The work on Senate Bill 1437, a bill that altered California’s felony murder rule, came directly from my work with people in prison who were serving life sentences for a murder they did not commit. They had been sentenced to life as accomplices under the felony murder rule.
I am not a lawyer, but I know what’s just and what’s not. The more I came to learn about the felony murder rule, the more shocking it seemed that this law existed in California.
I sought out lawyers and law professors for help in writing legislation to remedy the injustice. It was an exercise in futility. Most lawyers did not respond or were generally uninterested, until, that is, I spoke with Kate Chatfield.
Now part of my organization, Re:store Justice, Chatfield was working at the University of San Francisco Law School’s Criminal and Juvenile Justice Clinic. When I told her I wanted to change the felony murder rule, Kate responded by saying, “Okay, I’m in.”
She and her students began the process of researching legislation and case law in all states related to the felony murder rule.
She, Sen. Nancy Skinner, a Democrat from Berkeley, and my organization, Re:store Justice, made it a mission to get this bill passed. Gov. Jerry Brown signed the bill into law on Sept. 30.
Senate Bill 1437 doesn’t abolish the felony murder rule. Rather, it clarifies that a person may only be convicted of murder if the individual personally killed, acted with an intent to kill, or acted as a “major participant” in the felony with “reckless indifference to human life.”
Under this bill, prosecutors no longer will be able to substitute the intent to commit a crime for the intent to commit murder.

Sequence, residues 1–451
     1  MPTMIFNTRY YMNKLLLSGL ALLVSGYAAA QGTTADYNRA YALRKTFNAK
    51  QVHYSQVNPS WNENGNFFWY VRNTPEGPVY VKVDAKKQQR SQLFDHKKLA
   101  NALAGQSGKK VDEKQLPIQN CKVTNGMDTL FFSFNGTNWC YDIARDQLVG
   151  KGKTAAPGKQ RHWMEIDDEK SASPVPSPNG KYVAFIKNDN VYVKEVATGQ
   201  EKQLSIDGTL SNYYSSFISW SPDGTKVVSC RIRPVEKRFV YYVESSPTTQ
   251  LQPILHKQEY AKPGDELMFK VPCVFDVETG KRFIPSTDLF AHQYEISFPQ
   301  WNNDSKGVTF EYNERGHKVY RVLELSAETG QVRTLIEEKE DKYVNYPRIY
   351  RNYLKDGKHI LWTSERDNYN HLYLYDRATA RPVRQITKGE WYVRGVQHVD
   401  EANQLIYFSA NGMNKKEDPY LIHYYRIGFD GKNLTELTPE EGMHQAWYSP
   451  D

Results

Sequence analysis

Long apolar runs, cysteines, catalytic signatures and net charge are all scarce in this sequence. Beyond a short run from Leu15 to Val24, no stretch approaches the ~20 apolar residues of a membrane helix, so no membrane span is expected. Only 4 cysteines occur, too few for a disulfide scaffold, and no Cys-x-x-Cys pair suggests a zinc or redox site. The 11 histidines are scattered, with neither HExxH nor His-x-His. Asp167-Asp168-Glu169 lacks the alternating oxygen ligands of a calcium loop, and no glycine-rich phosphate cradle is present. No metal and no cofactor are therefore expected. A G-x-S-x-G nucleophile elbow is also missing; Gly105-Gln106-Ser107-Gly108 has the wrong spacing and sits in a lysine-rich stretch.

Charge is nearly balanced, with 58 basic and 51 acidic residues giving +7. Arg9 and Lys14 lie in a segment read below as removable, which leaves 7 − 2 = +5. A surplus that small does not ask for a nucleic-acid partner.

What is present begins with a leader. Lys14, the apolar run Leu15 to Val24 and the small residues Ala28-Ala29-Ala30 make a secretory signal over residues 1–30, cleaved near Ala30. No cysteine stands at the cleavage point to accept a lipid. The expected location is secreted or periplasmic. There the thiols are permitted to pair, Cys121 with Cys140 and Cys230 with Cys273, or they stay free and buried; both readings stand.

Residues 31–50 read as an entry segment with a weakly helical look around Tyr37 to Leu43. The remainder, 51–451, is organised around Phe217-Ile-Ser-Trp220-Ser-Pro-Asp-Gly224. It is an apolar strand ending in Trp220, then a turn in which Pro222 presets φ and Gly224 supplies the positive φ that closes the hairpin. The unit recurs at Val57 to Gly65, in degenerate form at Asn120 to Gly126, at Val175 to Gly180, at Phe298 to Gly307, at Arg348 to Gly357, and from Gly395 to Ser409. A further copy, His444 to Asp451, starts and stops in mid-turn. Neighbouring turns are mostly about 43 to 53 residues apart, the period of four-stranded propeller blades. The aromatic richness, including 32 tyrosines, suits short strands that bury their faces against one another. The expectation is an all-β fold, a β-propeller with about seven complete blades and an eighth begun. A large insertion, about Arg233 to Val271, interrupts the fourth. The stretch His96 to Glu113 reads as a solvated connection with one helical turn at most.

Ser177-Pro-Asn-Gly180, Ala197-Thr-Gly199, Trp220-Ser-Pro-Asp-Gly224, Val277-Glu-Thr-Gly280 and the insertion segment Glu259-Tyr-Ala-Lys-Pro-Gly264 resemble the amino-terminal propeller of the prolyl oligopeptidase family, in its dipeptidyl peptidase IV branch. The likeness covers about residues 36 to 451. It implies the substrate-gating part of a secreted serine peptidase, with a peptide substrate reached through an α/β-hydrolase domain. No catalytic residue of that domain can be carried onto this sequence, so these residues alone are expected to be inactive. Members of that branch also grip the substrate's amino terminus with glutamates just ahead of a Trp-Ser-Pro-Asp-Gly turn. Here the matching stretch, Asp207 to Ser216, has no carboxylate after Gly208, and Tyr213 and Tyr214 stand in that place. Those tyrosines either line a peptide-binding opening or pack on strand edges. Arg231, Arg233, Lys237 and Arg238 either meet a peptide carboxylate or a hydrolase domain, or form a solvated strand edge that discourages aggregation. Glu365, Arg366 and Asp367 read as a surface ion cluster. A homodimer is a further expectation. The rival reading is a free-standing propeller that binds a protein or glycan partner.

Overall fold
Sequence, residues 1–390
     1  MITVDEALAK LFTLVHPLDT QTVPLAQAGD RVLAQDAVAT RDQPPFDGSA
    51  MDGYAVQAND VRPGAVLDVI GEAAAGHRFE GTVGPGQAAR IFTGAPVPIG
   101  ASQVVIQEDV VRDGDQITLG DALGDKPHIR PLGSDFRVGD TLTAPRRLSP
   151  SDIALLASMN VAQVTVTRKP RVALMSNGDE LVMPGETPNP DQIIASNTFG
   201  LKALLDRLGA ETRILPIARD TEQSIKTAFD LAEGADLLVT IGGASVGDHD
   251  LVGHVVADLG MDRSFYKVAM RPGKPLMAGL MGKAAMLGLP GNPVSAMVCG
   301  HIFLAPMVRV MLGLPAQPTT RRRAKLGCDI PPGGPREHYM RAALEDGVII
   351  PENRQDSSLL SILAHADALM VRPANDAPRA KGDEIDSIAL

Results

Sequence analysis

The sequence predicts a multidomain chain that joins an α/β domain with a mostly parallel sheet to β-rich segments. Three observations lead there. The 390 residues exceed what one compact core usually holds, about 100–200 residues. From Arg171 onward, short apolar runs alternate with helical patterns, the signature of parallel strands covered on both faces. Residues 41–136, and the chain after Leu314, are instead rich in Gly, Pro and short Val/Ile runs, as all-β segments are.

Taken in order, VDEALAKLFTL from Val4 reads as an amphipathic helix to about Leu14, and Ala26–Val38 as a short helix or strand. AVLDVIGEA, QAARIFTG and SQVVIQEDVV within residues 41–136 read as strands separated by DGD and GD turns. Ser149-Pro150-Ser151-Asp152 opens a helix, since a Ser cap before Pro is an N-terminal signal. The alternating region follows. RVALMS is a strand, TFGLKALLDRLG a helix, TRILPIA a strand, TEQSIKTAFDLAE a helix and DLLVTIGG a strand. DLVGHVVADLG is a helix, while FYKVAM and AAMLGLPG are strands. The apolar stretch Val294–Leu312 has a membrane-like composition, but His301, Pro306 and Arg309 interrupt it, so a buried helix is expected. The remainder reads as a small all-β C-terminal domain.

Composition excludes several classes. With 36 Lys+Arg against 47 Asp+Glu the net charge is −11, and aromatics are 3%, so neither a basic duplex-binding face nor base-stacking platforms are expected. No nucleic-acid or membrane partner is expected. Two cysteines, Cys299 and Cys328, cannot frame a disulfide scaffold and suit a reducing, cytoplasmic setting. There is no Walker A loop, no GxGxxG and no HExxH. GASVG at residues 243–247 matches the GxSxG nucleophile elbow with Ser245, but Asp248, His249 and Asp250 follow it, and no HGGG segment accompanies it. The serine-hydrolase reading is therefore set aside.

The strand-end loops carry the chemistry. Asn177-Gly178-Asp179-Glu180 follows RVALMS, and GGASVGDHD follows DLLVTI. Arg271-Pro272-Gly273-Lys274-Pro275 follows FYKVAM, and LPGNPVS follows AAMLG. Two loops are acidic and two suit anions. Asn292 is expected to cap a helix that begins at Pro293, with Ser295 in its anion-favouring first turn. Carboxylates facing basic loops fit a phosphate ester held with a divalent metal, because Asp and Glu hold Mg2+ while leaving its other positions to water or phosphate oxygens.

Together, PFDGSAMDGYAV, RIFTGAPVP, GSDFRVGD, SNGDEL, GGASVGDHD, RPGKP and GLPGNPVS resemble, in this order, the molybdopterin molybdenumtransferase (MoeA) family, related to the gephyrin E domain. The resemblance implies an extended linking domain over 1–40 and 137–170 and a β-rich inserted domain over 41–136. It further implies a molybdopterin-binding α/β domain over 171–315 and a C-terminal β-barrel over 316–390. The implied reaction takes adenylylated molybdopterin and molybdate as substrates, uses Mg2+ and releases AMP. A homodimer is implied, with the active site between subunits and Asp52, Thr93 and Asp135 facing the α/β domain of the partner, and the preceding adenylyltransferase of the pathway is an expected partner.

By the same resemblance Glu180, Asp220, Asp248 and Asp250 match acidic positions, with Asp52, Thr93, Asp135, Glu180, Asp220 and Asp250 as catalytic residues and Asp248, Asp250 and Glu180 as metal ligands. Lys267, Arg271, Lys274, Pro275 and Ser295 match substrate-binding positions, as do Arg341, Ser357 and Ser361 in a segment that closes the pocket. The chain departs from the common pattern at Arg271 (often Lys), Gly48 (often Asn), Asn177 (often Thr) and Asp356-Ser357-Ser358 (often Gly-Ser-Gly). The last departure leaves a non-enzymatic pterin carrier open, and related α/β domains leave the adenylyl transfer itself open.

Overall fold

It also provides a means for resentencing for people who did not actually commit the homicide or act with the intent to kill, but nevertheless were convicted of murder and sentenced to life imprisonment.
I witnessed firsthand the impact this new law will have on incarcerated individuals and their families when Neko Wilson was released after being in jail for nine years. He did not commit murder and was not present at the robbery that resulted in the death of two people.
But under the old felony murder rule, his intent to commit a robbery was enough to charge him with first-degree murder and initially the death penalty. Once the law passed, the Fresno County District Attorney’s office realized that, based on the facts, Wilson did not act as a major participant with reckless indifference to human life. The District Attorney’s office dismissed the murder charge. Wilson accepted responsibility for his role in the robbery and received a sentence of nine years of incarceration. Because he had already served that time in prison, he was released.
Opponents to SB 1437 claimed that prosecutors will not be able to charge people with murder. This is simply not true. The day after Wilson was released, a jury convicted two young men in Sacramento under the felony murder rule and additionally charged them with “special circumstances” which resulted in a sentence of life in prison without the possibility of parole. Setting aside the moral repugnance of an LWOP sentence, the facts in this case are different.
Under SB 1437, juries are asked to find whether the individual accused aided in the killing, had an intent to kill, or was a major participant who acted with reckless indifference to human life. In this case, the jury found that the non-killer was just as culpable as the other defendant.
These two recent examples reveal that SB 1437 allows prosecutors and juries to decide cases based on an assessment of a defendant’s actions and intent.
At Re:store Justice, we are focused on the implementation of SB 1437. We have drafted a petition that is available for free on our website and will hold training statewide for families and lawyers who can aid in this effort. The passage of the legislation is an important step toward a more just system.
Alexandra Mallick is executive director of Re:store Justice in Oakland, [email protected] She wrote this commentary for CALmatters.
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